Howard County to Add Two Electric School Buses to Its Fleet

HCPSS will introduce two electric school busses next school year as part of a greater county-wide decarbonization commitment. (Photo from HCPSS News)

A journey of a thousand miles begins with two electric busses.

HCPSS will introduce two electric school busses in the 2021-2022 school year. The busses are part of a pilot program funded by the state. This addition is following a slew of county-level environmental commitments in recent years to address climate change at a local level.

The two new electric busses will join Howard County’s 478 exclusively diesel bus fleet that drives over 31,000 miles daily, according to HCPSS. This addition is Howard County’s first big step towards decarbonizing the transportation sector.

“There’s so much learning that will happen. We’ll learn how many miles they can drive and whether the energy they can hold at the end of the routes is sellable. Most importantly, we’ll learn what the true costs are rather than the costs on paper,” says Long Reach High School Economics teacher Mr. Sandersen. “It becomes a bit of an experiment.”

HCPSS Director of Transportation David Ramsay says the county anticipates some trial and error during the transition to electric busses. He says drivers will be trained on how to optimize energy usage. The county is going to be looking at electric bus performance, sustainability, and reliability.

Mr. Ramsay believes that society will become more open to electric vehicles as more are introduced. “When we see something, and we’re immersed in it, and we believe in it, it becomes part of the fabric of what we do and what we believe,” he says.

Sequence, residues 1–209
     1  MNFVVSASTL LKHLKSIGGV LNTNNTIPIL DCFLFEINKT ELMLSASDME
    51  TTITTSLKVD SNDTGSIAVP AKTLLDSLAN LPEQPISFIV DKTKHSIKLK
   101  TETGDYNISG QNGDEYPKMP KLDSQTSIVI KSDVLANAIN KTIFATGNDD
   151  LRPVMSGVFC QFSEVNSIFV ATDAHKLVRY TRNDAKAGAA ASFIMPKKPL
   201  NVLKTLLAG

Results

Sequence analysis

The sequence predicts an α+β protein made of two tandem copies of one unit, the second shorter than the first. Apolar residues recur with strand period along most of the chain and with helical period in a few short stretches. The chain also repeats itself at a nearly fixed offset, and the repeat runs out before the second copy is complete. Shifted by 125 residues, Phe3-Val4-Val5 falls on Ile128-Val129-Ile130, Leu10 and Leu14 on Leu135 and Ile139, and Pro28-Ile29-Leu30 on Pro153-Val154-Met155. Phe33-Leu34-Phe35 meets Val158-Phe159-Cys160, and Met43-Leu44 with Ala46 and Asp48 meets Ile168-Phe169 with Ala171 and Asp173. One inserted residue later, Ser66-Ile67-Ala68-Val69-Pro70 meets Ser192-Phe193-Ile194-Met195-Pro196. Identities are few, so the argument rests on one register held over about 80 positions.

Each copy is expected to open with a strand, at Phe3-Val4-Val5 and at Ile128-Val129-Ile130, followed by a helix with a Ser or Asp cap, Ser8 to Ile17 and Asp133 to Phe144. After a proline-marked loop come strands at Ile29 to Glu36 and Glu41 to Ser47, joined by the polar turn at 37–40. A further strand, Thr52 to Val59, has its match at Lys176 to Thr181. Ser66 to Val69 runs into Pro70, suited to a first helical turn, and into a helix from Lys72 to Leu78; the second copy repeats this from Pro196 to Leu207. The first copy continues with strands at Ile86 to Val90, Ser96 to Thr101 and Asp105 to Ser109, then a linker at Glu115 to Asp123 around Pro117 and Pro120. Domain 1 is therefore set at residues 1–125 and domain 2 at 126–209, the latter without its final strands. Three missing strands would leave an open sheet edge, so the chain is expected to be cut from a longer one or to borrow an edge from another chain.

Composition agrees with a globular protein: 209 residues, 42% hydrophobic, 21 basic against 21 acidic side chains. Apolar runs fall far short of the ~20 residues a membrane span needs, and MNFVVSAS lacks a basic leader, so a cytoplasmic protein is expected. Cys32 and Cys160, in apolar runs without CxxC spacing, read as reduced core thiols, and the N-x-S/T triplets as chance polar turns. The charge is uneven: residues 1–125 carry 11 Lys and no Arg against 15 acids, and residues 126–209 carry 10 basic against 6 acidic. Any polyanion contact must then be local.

The traditional school bus runs on diesel fuel and emits a large amount of carbon dioxide. According to Greenshields, school busses in the United States put nine million tons of carbon dioxide into the atmosphere every year. Electric busses are battery-powered, so they emit less carbon dioxide.

Scientists attribute the rise in average global temperatures to the steady increase of carbon dioxide in the atmosphere. The additional carbon dioxide in the atmosphere causes heat radiating off the Earth to be trapped rather than released into space.

As described by Science teacher Ms. Bell, carbon emissions “thicken the [atmosphere] like a blanket.” This increase is primarily caused by burning fossil fuels such as coal, gasoline, and diesel fuel. 

Decarbonization efforts have increased as climate change has increasingly ravaged the Earth. Scientists have established a rise in average global temperatures since 1901. According to NASA, climate change causes an increase in the severity of weather events, rising sea levels due to melting ice caps, and unprecedented coastal flooding.  

“So much has to happen relatively quickly, but I like electric busses as one of the first steps,” says Mr. Sandersen.